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KubeCon North America 2021: Kubernetes on Azure and open source updates

Welcome to KubeCon 2021 in Los Angeles! Whether you are attending in person or virtually, we’re excited to see you at the conference. My favorite thing about every conference is the opportunity to meet new people and hear both the stories of how they are empowered by Kubernetes on Azure, but also, the challenges they are facing adopting Kubernetes. While hearing about these challenges is never fun, it is the best way to learn and grow the service into the future. One of the wonderful things about the cloud is that we never stop growing and evolving our services to make them better and empower more users around the globe. I’m really excited to share some of these innovations today and tell the story of how we continue to make the Azure Kubernetes Service (AKS) the leading enterprise-grade Kubernetes solution on the planet.

When it comes to securing any cloud environment, networking is simultaneously one of the most important and most varied configurations. Our goal with AKS is to empower every user to configure their network their way, and to that end, we’re excited to announce support for HTTPS proxies in AKS. This means that users can control the egress from their network for security while also successfully deploying AKS clusters. Another important part of security is identity. For Windows containers users these identities are delivered through Azure Active Directory for your pods.

Before you can think about securing your application, though, you have to build it. One of the most exciting new technologies for building applications from cloud to edge is WebAssembly. WebAssembly provides portability and a lightweight sandbox that can be targeted from a variety of languages. We’re thrilled that Microsoft, as a founding member of the Byte Code Alliance, is helping lead the way in WebAssembly on the server and as part of that we’re thrilled to announce support for the Krustlet in Azure Kubernetes Service through WebAssembly System Interface (WASI) node pools. If you’re interested in the cutting edge of web and container technologies, the easiest place to get started is now AKS.

Working with the open source community

One of the really great things about our work on WebAssembly is that it is done as part of a worldwide open source community, but WebAssembly isn’t even close to our only open-source project. I’ve been really excited to see Microsoft deliver innovation via open source, but even more excited to see that innovation empowers users around the world.

Open source software is an integral part of development at Microsoft, aligned with our goal to empower all developers to be successful building any application, using any language, on any platform. We are committed to building open, flexible technology and working with the open source community to grow together as an industry.

The Kubernetes Event Driven Autoscaling (KEDA) project, which provides event-driven auto-scaling for Kubernetes, was recently promoted from sandbox to incubation in the Cloud Native Computing Foundation (CNCF); recognizing its adoption by the broader Kubernetes community as a key piece of developing higher-level programming models for Kubernetes.

Speaking of empowering developers, it has also been exciting to see the Distributed Application Runtime (Dapr) project release their 1.4 version and announce the formation of its Steering and Technical Committee. As the second anniversary of Dapr approaches, it is a great time for the community to come together for the inaugural DaprCon on October 19 as a virtual event.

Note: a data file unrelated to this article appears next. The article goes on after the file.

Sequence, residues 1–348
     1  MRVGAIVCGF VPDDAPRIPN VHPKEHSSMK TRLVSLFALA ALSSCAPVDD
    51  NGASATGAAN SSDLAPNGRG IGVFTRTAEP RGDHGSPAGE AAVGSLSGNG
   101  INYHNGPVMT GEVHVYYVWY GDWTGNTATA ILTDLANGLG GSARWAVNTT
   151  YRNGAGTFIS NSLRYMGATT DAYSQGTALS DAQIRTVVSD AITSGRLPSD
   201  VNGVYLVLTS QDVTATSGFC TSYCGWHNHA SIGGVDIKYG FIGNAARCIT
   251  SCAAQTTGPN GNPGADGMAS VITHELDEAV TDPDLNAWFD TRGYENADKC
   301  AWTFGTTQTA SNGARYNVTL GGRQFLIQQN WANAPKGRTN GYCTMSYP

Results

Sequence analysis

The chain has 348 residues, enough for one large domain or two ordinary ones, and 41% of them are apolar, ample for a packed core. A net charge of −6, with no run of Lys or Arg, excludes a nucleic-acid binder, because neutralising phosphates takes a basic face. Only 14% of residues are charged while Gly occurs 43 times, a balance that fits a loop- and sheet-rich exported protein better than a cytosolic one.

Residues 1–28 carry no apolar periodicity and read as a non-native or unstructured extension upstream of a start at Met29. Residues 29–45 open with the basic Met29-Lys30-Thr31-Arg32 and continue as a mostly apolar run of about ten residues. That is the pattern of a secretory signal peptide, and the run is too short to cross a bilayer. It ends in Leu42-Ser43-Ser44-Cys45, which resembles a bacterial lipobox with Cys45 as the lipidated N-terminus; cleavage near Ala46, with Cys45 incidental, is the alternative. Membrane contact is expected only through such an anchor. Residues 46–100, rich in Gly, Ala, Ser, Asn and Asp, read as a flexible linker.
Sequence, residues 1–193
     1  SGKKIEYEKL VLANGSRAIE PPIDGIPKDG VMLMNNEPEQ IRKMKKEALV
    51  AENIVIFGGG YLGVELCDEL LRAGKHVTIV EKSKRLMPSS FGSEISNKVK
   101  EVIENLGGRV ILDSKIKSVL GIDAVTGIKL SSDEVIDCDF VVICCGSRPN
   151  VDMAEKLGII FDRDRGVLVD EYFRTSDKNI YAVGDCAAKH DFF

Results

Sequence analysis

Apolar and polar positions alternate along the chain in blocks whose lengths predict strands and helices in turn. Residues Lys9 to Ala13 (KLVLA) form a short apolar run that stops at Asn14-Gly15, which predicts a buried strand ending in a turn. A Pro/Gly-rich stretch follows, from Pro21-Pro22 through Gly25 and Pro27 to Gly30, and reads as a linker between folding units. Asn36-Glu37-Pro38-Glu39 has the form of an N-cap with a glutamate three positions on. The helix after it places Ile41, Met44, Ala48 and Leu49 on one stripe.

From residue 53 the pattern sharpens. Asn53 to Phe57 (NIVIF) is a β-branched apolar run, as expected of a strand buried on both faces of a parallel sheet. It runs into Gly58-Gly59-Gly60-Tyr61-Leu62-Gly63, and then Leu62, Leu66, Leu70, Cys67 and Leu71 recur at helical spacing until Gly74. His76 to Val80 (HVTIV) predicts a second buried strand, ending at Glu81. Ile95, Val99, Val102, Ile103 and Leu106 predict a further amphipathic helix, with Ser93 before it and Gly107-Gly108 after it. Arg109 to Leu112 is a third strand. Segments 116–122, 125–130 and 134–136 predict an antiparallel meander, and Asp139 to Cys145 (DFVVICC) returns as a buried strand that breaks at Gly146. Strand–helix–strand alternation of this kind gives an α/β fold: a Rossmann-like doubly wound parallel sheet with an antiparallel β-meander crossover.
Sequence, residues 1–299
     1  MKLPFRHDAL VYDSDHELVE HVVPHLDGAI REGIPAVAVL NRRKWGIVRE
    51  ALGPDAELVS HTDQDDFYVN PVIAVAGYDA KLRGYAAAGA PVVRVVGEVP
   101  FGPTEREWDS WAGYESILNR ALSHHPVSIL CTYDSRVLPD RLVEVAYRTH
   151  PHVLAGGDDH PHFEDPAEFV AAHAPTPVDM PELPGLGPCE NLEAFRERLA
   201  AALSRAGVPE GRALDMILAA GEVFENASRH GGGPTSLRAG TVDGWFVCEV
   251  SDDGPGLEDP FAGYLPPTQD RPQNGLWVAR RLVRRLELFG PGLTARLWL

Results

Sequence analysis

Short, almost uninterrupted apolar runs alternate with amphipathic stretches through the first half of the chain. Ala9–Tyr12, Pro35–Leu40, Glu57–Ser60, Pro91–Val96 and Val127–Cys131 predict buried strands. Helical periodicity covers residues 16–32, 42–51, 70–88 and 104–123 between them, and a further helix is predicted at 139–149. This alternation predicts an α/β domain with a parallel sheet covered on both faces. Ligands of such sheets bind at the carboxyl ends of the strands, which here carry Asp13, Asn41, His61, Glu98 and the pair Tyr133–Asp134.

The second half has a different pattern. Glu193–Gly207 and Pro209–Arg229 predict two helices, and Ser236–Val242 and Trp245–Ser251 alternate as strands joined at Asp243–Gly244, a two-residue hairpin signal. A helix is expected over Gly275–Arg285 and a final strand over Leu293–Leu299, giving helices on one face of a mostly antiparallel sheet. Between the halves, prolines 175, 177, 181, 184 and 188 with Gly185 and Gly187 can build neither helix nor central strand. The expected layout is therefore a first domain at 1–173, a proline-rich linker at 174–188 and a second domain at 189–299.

Kubernetes is a mature project, and so innovation within the core is much harder, consequently, it has been awesome to see Azure lead the way in implementing IPv6/IPv4 dual-stack support. This engineering effort has touched nearly every part of Kubernetes and has required both deep technical knowledge and incredible diligence and patience, but that hard work has paid off as dual-stack support is headed toward stable in the upcoming Kubernetes 1.23. If you’re interested in dual-stack we’re also bringing IPv6 capabilities to the Azure Kubernetes Service as a preview feature. It’s a great example of how managed Kubernetes on Azure makes it easy for developers to take advantage of open-source innovation.

I’m also excited that the Open Service Mesh (OSM), a lightweight and extensible cloud-native service mesh, has reached stable state with the v1.0.0 release. OSM uses the CNCF Envoy project and implements Service Mesh Interface (SMI) for securing and managing your microservice applications.

We recently announced a program to grant Azure credits for open source projects. This program grants Azure credits to open-source projects for a year. Developers will be able to use these credits for testing, storage, or other development. Any project in any technology with an Open Source Initiative (OSI)-approved license is eligible to apply. Learn more about this program today.

Looking forward to connecting

With all the great things that we are releasing and the continued evolution in the Kubernetes community, I’m certain that you have questions that you want answered. So, I’m really excited to be hosting a live Ask-me-Anything (AMA) session at KubeCon on Thursday, October 14 2021 at 1:30 PM Pacific Time (PT). Joining me will be Bridget Kromhout, Lachie Evanson, and Sean McKenna. I’m sure it will be a lively session. See details if you are interested in attending. Of course, I’m always available on Twitter as well for questions any time.

Welcome to KubeCon NA. Please come and see us in person or virtually at the Microsoft booth, get your questions answered at our AMA, and check out the Microsoft community blog for more details on the great KubeCon sessions from Microsoft speakers, learn about other events, and maybe even get a little swag. Have a great conference.